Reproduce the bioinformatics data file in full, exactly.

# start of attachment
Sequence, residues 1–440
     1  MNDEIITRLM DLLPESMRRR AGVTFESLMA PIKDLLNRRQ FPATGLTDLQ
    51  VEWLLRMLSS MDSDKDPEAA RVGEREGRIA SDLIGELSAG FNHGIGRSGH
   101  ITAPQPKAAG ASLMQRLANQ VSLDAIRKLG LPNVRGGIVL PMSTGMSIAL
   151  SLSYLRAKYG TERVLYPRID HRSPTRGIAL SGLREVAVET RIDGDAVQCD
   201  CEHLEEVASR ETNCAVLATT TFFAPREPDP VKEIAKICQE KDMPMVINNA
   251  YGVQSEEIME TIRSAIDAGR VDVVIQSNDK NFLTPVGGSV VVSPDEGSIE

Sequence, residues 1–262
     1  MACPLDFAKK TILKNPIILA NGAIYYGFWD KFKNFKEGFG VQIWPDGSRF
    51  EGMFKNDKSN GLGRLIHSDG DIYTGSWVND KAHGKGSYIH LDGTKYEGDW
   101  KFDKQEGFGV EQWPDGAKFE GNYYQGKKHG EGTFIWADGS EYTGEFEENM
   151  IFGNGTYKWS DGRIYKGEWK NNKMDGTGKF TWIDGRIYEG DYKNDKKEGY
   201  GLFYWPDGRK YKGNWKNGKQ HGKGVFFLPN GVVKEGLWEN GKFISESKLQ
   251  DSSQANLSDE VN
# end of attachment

Sequence, residues 1–440
     1  MNDEIITRLM DLLPESMRRR AGVTFESLMA PIKDLLNRRQ FPATGLTDLQ
    51  VEWLLRMLSS MDSDKDPEAA RVGEREGRIA SDLIGELSAG FNHGIGRSGH
   101  ITAPQPKAAG ASLMQRLANQ VSLDAIRKLG LPNVRGGIVL PMSTGMSIAL
   151  SLSYLRAKYG TERVLYPRID HRSPTRGIAL SGLREVAVET RIDGDAVQCD
   201  CEHLEEVASR ETNCAVLATT TFFAPREPDP VKEIAKICQE KDMPMVINNA
   251  YGVQSEEIME TIRSAIDAGR VDVVIQSNDK NFLTPVGGSV VVSPDEGSIE

Sequence, residues 1–262
     1  MACPLDFAKK TILKNPIILA NGAIYYGFWD KFKNFKEGFG VQIWPDGSRF
    51  EGMFKNDKSN GLGRLIHSDG DIYTGSWVND KAHGKGSYIH LDGTKYEGDW
   101  KFDKQEGFGV EQWPDGAKFE GNYYQGKKHG EGTFIWADGS EYTGEFEENM
   151  IFGNGTYKWS DGRIYKGEWK NNKMDGTGKF TWIDGRIYEG DYKNDKKEGY
   201  GLFYWPDGRK YKGNWKNGKQ HGKGVFFLPN GVVKEGLWEN GKFISESKLQ
   251  DSSQANLSDE VN